The EEOC issued regulations in 2012 making modest improvements to the discrimination-complaint process for federal workers, who have always faced a confusing system for complaining about age discrimination, not to mention other forms of bias affecting older workers. These changes should be monitored to ensure that the rights of federal workers who pursue a complaint are protected. Still, much more needs to be done to make it easier for federal employees to understand and participate in the complaint process. Improvements also are warranted to enhance the transparency and efficiency of EEOC procedures affecting agency investigation of charges of discrimination filed by employees of private and state and local government employers.

The federal government awards billions of dollars each year in contracts to private businesses. When government awards contracts to businesses that engage in discrimination, wage and hour violations, or other illegal and unfair labor practices, the government rewards low-road employers, makes law-abiding businesses noncompetitive, and risks undermining the quality and efficiency of goods and services the government is purchasing. Roughly one in five employees works for a business that receives federal government contracts, so requiring businesses to comply with labor standards to compete for and receive federal contracts can have a broad impact on compliance in the private sector.

Finally, since the Supreme Court’s decision in Circuit City Stores, Inc. v. Adams, 532 US 105, 132 (2001), employers have been given carte blanche to require, as an initial or continuing condition of employment, and in advance of any employment dispute that could arise, that employees use a mandatory and binding arbitration procedure instead of having access to the courts. The Court has since repeatedly confirmed and expanded on that holding (see Chapter 12, Personal and Legal Rights). One-sided imposition of pre-dispute arbitration agreements threatens the protections and enforcement mechanisms of the ADEA and other federal civil rights laws.

Administration, Investigation, and Enforcement: Policy

Equal Employment Opportunity Commission (EEOC) enforcement and oversight

The EEOC should focus its energies on addressing its primary obligation: protecting employees from workplace discrimination. When issuing regulations, establishing an enforcement strategy, and developing procedures for resolving charges, the EEOC should give due attention to an aging workforce and maximize older workers’ protections under the ADEA.

The EEOC should focus its enforcement resources on the cases that are most difficult for private attorneys to bring, such as discrimination in hiring.

Congress and the executive branch must recognize the importance of the EEOC in enforcing the ADEA, as well as other civil rights laws, by providing the commission with the necessary financial and statutory tools to carry out its mandate.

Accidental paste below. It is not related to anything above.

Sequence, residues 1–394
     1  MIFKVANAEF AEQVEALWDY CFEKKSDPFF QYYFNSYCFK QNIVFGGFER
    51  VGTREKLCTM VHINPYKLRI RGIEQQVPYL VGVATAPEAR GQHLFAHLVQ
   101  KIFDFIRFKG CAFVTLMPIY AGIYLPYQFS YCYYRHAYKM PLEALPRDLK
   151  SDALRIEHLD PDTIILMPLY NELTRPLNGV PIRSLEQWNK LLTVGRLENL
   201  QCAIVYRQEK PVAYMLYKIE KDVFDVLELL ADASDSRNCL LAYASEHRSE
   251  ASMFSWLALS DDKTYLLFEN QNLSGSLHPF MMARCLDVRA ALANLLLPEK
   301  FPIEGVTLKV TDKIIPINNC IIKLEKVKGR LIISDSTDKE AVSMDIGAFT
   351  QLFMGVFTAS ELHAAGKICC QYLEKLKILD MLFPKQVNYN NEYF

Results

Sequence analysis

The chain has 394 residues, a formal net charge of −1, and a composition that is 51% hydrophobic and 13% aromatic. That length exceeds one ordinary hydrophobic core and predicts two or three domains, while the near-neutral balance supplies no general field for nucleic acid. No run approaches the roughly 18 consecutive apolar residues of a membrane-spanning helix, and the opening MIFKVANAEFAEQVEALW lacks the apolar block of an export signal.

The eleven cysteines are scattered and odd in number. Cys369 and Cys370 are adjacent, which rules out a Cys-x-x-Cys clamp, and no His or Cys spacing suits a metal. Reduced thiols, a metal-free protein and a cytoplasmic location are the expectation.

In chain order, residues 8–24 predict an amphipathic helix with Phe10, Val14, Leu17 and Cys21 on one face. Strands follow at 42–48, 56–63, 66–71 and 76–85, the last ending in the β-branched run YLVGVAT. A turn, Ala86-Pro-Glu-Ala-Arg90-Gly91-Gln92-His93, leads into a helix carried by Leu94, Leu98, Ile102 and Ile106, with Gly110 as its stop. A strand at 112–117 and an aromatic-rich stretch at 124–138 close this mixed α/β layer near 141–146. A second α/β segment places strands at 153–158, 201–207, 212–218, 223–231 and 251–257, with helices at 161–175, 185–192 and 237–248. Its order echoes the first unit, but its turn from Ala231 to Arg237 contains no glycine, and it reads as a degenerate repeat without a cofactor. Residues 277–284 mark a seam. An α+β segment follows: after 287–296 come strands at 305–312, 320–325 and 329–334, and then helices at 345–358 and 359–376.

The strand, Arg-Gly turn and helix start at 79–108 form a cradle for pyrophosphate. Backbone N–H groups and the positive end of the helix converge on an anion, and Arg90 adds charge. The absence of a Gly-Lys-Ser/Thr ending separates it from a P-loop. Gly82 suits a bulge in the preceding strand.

State and local government workers

Congress should amend the ADEA to provide that upon referral of complaints from the EEOC, the Department of Justice has authority and funding to initiate investigations and prosecute enforcement actions against state and local government employers where it has reason to believe that a “pattern or practice” of employment discrimination exists in violation of the ADEA.

ADEA disparate impact enforcement

The EEOC should reach out to and inform the business community about new ADEA disparate impact standards and how to avoid unintentional age discrimination. In addition the commission should make it a priority to identify and pursue appropriate opportunities to bring litigation to enforce these new regulations.

Americans with Disabilities Act (ADA)

The EEOC should make it a priority to identify and pursue appropriate opportunities to bring litigation to enforce the ADA Amendments of 2008 and EEOC’s regulations implementing that law. The EEOC should also make it a priority to challenge systemic disability-based discrimination.


To ensure that the public’s tax dollars do not subsidize age discrimination or other unfair employment practices, businesses that bid on federal, state, and local contracts should be required to report any complaints and determinations of unlawful and unfair practices. Firms with repeated violations that have not taken meaningful steps to get into compliance should not be eligible to receive or hold contracts.

Remedies for state employees

Since the Supreme Court has held that the Eleventh Amendment bars state employees from suing state agencies for monetary relief under the ADEA and the ADA, the EEOC must vigorously enforce these antidiscrimination laws on behalf of state employees. Congress should enact legislation to correct this gap in ADEA enforcement so that older state employees can get monetary relief from age discrimination (similarly, under the federal Rehabilitation Act, state employees with disabilities can be eligible for monetary relief due to disability bias). Until that occurs Congress and the administration must provide the resources necessary for the EEOC to do so.

States should waive their sovereign immunity to ADEA and ADA damage suits by public employees, thereby ensuring that state employees are afforded the same protections as other older adult workers and workers with disabilities.